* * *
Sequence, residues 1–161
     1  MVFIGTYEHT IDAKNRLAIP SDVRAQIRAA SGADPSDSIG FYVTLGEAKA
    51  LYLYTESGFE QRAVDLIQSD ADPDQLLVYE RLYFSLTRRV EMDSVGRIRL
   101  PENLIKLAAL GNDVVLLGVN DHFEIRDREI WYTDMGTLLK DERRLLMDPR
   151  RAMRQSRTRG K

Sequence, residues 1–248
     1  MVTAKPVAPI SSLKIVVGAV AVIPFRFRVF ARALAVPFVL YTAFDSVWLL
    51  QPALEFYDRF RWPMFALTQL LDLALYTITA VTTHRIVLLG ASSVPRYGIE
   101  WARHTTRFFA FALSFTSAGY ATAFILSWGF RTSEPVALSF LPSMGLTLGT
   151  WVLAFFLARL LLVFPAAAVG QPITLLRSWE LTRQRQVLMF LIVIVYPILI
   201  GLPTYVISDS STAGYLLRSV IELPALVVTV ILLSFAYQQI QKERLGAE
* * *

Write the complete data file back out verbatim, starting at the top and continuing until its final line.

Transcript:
Sequence, residues 1–161
     1  MVFIGTYEHT IDAKNRLAIP SDVRAQIRAA SGADPSDSIG FYVTLGEAKA
    51  LYLYTESGFE QRAVDLIQSD ADPDQLLVYE RLYFSLTRRV EMDSVGRIRL
   101  PENLIKLAAL GNDVVLLGVN DHFEIRDREI WYTDMGTLLK DERRLLMDPR
   151  RAMRQSRTRG K

Sequence, residues 1–248
     1  MVTAKPVAPI SSLKIVVGAV AVIPFRFRVF ARALAVPFVL YTAFDSVWLL
    51  QPALEFYDRF RWPMFALTQL LDLALYTITA VTTHRIVLLG ASSVPRYGIE
   101  WARHTTRFFA FALSFTSAGY ATAFILSWGF RTSEPVALSF LPSMGLTLGT
   151  WVLAFFLARL LLVFPAAAVG QPITLLRSWE LTRQRQVLMF LIVIVYPILI
   201  GLPTYVISDS STAGYLLRSV IELPALVVTV ILLSFAYQQI QKERLGAE